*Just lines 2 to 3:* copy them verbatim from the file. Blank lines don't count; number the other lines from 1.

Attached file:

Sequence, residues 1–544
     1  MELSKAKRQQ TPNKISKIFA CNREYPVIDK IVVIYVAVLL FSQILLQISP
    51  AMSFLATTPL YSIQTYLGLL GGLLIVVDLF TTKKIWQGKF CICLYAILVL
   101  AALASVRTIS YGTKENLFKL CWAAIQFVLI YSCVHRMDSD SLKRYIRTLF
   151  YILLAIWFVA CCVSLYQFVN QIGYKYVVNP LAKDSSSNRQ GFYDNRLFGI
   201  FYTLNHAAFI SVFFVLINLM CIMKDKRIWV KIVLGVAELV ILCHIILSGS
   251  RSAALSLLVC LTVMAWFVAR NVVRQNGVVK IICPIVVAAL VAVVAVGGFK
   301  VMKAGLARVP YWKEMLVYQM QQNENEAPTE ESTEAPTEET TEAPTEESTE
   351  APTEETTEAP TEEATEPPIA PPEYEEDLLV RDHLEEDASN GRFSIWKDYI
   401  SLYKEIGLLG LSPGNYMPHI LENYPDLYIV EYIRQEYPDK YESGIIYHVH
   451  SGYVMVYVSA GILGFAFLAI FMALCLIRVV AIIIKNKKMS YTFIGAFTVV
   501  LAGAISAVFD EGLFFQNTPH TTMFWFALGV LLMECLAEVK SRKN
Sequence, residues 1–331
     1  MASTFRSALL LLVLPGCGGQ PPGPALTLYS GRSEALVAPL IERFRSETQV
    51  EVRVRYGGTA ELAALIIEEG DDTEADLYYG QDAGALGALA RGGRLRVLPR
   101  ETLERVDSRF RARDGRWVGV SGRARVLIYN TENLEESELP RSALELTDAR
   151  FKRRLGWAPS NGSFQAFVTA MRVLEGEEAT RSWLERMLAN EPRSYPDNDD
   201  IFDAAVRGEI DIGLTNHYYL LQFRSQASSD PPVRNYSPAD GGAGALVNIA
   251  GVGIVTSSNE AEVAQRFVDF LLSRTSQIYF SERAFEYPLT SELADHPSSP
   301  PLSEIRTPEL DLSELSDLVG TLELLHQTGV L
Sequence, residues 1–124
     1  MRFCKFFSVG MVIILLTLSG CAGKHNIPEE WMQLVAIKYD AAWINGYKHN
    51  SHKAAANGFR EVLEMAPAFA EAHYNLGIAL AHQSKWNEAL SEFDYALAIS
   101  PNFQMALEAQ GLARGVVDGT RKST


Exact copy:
     1  MELSKAKRQQ TPNKISKIFA CNREYPVIDK IVVIYVAVLL FSQILLQISP
    51  AMSFLATTPL YSIQTYLGLL GGLLIVVDLF TTKKIWQGKF CICLYAILVL